About Laurel L. Kosten (1884–1968)
On April 6, 1914, Laurel L. Kosten ran unsuccessfully for a seat on the Grand Rapids Board of Education. While she technically ran as a nonpartisan candidate, she was publicly supported by local labor organizations. Election returns reported the next day put her in fourth place with 5,774 votes—a respectable result but not enough to win.
Laurel L. Kosten was born on June 25, 1884, in Grand Rapids, Michigan. She married her husband Edward in 1900 and by 1913 she had involved herself in the local women’s club scene. In 1913, she was elected recording secretary of the Grand Rapids Equal Opportunity Club, a women’s club affiliated with the Grand Rapids Socialist Party. Kosten was also a member of the Socialist Study Club and was among the three speakers who presented when Grand Rapids socialists observed “Women’s Day” in 1914, a program dedicated to contemporary women’s issues organized by Grand Rapids socialists. Topics included suffrage, child labor, shorter hours for women, and prohibition. Kosten elaborated on the suffrage theme in 1915 with a paper entitled “What Will I Do With the Ballot When I Get It,” which she presented at an Equal Opportunity Club meeting.
Kosten’s views on labor found a professional outlet via the Women’s Label League and the Michigan State Federation of Labor. With the League’s sponsorship, she traveled across the state building awareness and establishing new League chapters. Kosten worked for the Michigan State Federation of Labor as a professional organizer. This work brought her to Muskegon in 1915 and Flint in 1916. Kosten gained national recognition for her efforts in the pages of the Women’s Label League Journal, where her methods in Michigan were celebrated as models for establishing new league chapters. An official list of the cities in which she set up leagues is not available, but the July 1917 Women’s Label League Journal suggests that through her efforts “leagues have been organized in practically all of the cities of any size in that state [Michigan], excepting Detroit, where she found it impossible to create an interest.” At a 1916 meeting in Michigan, Kosten discussed the working conditions facing child laborers and called on female consumers to favor union shops and factories that refused to use child labor.
Kosten continued her advocacy work well into the twentieth century. In the late 1930s, she worked as the Michigan State Inspector of Labor, in which capacity she inspected factories and mobilized public support for improved working conditions. She often focused her efforts specifically on women, advocating for “girl strikers” at a Grand Haven factory in 1937 and describing to a Y.W.C.A. audience the “unbelievable” conditions facing female workers and the “evil” practice of making women work 90 hours a week.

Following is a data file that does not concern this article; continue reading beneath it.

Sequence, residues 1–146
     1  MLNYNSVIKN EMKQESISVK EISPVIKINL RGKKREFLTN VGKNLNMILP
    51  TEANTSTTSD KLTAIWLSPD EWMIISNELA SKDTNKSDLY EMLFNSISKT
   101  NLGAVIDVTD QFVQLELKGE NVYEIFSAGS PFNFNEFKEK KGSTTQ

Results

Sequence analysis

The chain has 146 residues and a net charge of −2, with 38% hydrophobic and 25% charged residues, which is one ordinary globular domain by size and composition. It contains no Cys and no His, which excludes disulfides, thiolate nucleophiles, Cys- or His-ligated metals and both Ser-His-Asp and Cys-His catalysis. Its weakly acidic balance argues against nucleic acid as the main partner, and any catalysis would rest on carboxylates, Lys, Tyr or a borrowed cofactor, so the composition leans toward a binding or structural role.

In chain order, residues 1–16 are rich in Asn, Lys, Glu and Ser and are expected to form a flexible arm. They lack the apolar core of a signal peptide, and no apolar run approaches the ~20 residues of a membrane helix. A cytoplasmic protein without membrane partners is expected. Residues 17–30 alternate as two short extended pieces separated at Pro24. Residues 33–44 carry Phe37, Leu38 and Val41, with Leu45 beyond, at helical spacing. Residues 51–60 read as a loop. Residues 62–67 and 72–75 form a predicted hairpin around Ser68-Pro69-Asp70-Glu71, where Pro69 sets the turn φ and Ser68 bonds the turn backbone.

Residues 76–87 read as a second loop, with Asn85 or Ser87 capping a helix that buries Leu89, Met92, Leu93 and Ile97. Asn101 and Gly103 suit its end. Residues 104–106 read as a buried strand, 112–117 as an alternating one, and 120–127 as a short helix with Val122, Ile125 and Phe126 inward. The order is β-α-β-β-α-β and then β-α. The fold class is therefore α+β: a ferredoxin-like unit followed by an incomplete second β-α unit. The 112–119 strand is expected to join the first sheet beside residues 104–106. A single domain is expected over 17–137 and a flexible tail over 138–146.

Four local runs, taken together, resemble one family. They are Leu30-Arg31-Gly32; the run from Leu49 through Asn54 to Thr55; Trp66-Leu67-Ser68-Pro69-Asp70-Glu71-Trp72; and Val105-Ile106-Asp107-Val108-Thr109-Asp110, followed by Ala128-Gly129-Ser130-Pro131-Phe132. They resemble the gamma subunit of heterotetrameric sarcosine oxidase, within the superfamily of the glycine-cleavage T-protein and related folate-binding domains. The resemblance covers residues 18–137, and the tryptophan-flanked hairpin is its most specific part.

The 1930s was also the decade in which Kosten reinvigorated her political career. In 1934, the Farmer-Labor Party nominated her as a candidate for the U.S. Congress in the Fifth Congressional District. Although she won only .2 percent of the vote, she did use her campaign to highlight labor issues.
Kosten stayed active in political affairs after her congressional run. In 1940, she was elected a delegate to the Michigan Democratic Convention. And in the early 1940s, she served as vice-chair of the Kent County Democratic Committee.
Laurel L. Kosten died on November 21, 1968, in Grand Rapids, Michigan. She never added school board member or congresswoman to her list of accomplishments, but she did leave an important legacy in Grand Rapids and Michigan as a fierce advocate for labor reform and improved working conditions for women.
Political Office: Board of Education
Election Year: 1914
Party Affiliation: Nonpartisan race
Political Office: United States House of Representatives
Election Year: 1934
Party Affiliation: Farmer-Labor
Full Name: Laurel L. Marble Kosten
Life Dates: May 25, 1884–November 21, 1968
Marital Status: Married
Occupation: Paid State Organizer, Women’s Label League, Michigan State Labor Inspector, Vice-Chair Kent County Democratic Committee
Party Affiliation: Socialist, Farmer-Labor, Democratic
Social Reform Activism: Women’s Clubs, Women’s Suffrage, Labor, Juvenile Reform
“Ask Clemency for Pickets.” Muskegon Chronicle, June 11, 1937.
“Claims Workers Must Organize to Get Justice: State Labor Inspector Attacks Conditions for Women Employees in Talk Before Industrial Girls at Y.W.C.A.”
“Declares Woman the Buying Power.” Grand Rapids Herald, January 19, 1916. Muskegon Chronicle, November 4, 1938.
“Democrats Pick Delegates.” Grand Rapids Press, September 20, 1940.
“Equal Opportunity Club.” Grand Rapids Herald, April 27, 1913.
“Equal Opportunity Club. Grand Rapids Press, February 12, 1915.
“Farm-Labor Folk Hold Rally Here.” Grand Rapids Press, September 28, 1934.
Field, Anna B., “Elwood, Ind.,” Woman’s Label League and Journal 14, no. 3 (March 1916): 7.
Fitzgerald, Anna, “President’s Report,” Woman’s Label League and Journal 15, no. 7 (July 1917): 4-7.
“State Labor Official to Address Y Girls on Wage-Hour Bill.” Grand Rapids Press, November 2, 1938
“The Flint Federation of Labor.” Flint Journal, March 23, 1916.
“The State at a Glance: Muskegon.” Grand Rapids Herald, October 14, 1915.
“Three School Board Members Re-elected.” Grand Rapids Press, April 7, 1914.
“To Observe Women’s Day.” Grand Rapids Herald, March 22, 1914.
“Woman is Choice in Congress Race.” Grand Rapids Press, July 18, 1934.